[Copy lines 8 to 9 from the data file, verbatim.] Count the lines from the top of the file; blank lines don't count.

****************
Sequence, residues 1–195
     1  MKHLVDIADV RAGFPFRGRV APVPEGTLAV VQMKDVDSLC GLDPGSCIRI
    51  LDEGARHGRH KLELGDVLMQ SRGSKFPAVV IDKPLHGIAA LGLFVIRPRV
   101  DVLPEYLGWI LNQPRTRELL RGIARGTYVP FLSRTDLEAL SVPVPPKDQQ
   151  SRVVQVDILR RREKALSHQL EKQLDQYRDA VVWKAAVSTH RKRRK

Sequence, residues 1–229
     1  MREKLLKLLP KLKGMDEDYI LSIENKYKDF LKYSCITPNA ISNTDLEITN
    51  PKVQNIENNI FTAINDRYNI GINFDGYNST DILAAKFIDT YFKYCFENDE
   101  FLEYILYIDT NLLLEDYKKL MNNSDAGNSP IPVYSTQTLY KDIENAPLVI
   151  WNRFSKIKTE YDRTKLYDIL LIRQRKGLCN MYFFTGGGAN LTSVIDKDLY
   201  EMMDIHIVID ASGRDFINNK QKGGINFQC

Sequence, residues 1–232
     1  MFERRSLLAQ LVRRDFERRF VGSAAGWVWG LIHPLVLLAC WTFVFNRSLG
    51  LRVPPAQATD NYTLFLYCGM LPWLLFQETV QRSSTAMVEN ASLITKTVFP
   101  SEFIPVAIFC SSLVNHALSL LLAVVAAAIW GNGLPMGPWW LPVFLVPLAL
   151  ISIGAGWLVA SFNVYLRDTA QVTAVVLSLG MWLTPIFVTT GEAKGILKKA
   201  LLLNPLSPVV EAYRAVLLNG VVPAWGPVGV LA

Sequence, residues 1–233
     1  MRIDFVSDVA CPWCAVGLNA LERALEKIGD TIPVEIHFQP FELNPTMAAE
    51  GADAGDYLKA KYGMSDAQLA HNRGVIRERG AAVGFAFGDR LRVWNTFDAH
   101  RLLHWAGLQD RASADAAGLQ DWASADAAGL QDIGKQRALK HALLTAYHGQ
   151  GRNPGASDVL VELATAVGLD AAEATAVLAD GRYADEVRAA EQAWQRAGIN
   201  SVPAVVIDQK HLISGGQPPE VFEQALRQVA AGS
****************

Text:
    51  PKVQNIENNI FTAINDRYNI GINFDGYNST DILAAKFIDT YFKYCFENDE
   101  FLEYILYIDT NLLLEDYKKL MNNSDAGNSP IPVYSTQTLY KDIENAPLVI